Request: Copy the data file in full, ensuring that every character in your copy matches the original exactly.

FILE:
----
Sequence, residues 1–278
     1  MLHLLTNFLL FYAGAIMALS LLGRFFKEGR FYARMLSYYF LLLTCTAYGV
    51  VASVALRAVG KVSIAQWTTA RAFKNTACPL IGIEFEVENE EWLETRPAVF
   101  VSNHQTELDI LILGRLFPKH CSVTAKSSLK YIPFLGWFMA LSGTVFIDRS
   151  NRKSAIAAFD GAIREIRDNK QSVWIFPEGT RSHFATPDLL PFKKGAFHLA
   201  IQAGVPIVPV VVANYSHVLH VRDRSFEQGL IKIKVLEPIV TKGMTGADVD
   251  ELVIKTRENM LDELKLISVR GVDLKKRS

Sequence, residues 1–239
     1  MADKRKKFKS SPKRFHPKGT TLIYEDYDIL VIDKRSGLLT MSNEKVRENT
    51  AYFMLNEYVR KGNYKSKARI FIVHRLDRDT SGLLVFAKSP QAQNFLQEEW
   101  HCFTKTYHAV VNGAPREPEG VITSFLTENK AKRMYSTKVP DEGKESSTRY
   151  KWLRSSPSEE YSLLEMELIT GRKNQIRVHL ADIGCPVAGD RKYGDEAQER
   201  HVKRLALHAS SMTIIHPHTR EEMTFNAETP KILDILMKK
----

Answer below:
Sequence, residues 1–278
     1  MLHLLTNFLL FYAGAIMALS LLGRFFKEGR FYARMLSYYF LLLTCTAYGV
    51  VASVALRAVG KVSIAQWTTA RAFKNTACPL IGIEFEVENE EWLETRPAVF
   101  VSNHQTELDI LILGRLFPKH CSVTAKSSLK YIPFLGWFMA LSGTVFIDRS
   151  NRKSAIAAFD GAIREIRDNK QSVWIFPEGT RSHFATPDLL PFKKGAFHLA
   201  IQAGVPIVPV VVANYSHVLH VRDRSFEQGL IKIKVLEPIV TKGMTGADVD
   251  ELVIKTRENM LDELKLISVR GVDLKKRS

Sequence, residues 1–239
     1  MADKRKKFKS SPKRFHPKGT TLIYEDYDIL VIDKRSGLLT MSNEKVRENT
    51  AYFMLNEYVR KGNYKSKARI FIVHRLDRDT SGLLVFAKSP QAQNFLQEEW
   101  HCFTKTYHAV VNGAPREPEG VITSFLTENK AKRMYSTKVP DEGKESSTRY
   151  KWLRSSPSEE YSLLEMELIT GRKNQIRVHL ADIGCPVAGD RKYGDEAQER
   201  HVKRLALHAS SMTIIHPHTR EEMTFNAETP KILDILMKK